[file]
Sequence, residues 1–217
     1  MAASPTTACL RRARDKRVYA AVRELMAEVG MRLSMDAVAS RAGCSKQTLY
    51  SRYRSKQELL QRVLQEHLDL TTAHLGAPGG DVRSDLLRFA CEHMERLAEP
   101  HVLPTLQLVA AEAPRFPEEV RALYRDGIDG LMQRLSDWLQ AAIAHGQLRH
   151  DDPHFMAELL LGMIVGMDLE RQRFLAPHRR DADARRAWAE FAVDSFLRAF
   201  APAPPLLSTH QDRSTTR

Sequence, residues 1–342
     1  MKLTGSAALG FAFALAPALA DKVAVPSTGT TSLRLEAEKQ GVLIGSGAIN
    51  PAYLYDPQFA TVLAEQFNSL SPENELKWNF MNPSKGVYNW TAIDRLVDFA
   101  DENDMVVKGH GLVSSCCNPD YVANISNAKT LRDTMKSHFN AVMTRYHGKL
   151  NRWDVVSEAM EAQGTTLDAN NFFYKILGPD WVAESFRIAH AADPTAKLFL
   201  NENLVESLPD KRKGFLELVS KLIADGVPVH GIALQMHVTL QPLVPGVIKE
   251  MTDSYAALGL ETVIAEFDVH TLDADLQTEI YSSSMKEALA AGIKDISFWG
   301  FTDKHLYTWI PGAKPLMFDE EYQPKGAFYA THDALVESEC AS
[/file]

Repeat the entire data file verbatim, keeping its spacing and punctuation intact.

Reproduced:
Sequence, residues 1–217
     1  MAASPTTACL RRARDKRVYA AVRELMAEVG MRLSMDAVAS RAGCSKQTLY
    51  SRYRSKQELL QRVLQEHLDL TTAHLGAPGG DVRSDLLRFA CEHMERLAEP
   101  HVLPTLQLVA AEAPRFPEEV RALYRDGIDG LMQRLSDWLQ AAIAHGQLRH
   151  DDPHFMAELL LGMIVGMDLE RQRFLAPHRR DADARRAWAE FAVDSFLRAF
   201  APAPPLLSTH QDRSTTR

Sequence, residues 1–342
     1  MKLTGSAALG FAFALAPALA DKVAVPSTGT TSLRLEAEKQ GVLIGSGAIN
    51  PAYLYDPQFA TVLAEQFNSL SPENELKWNF MNPSKGVYNW TAIDRLVDFA
   101  DENDMVVKGH GLVSSCCNPD YVANISNAKT LRDTMKSHFN AVMTRYHGKL
   151  NRWDVVSEAM EAQGTTLDAN NFFYKILGPD WVAESFRIAH AADPTAKLFL
   201  NENLVESLPD KRKGFLELVS KLIADGVPVH GIALQMHVTL QPLVPGVIKE
   251  MTDSYAALGL ETVIAEFDVH TLDADLQTEI YSSSMKEALA AGIKDISFWG
   301  FTDKHLYTWI PGAKPLMFDE EYQPKGAFYA THDALVESEC AS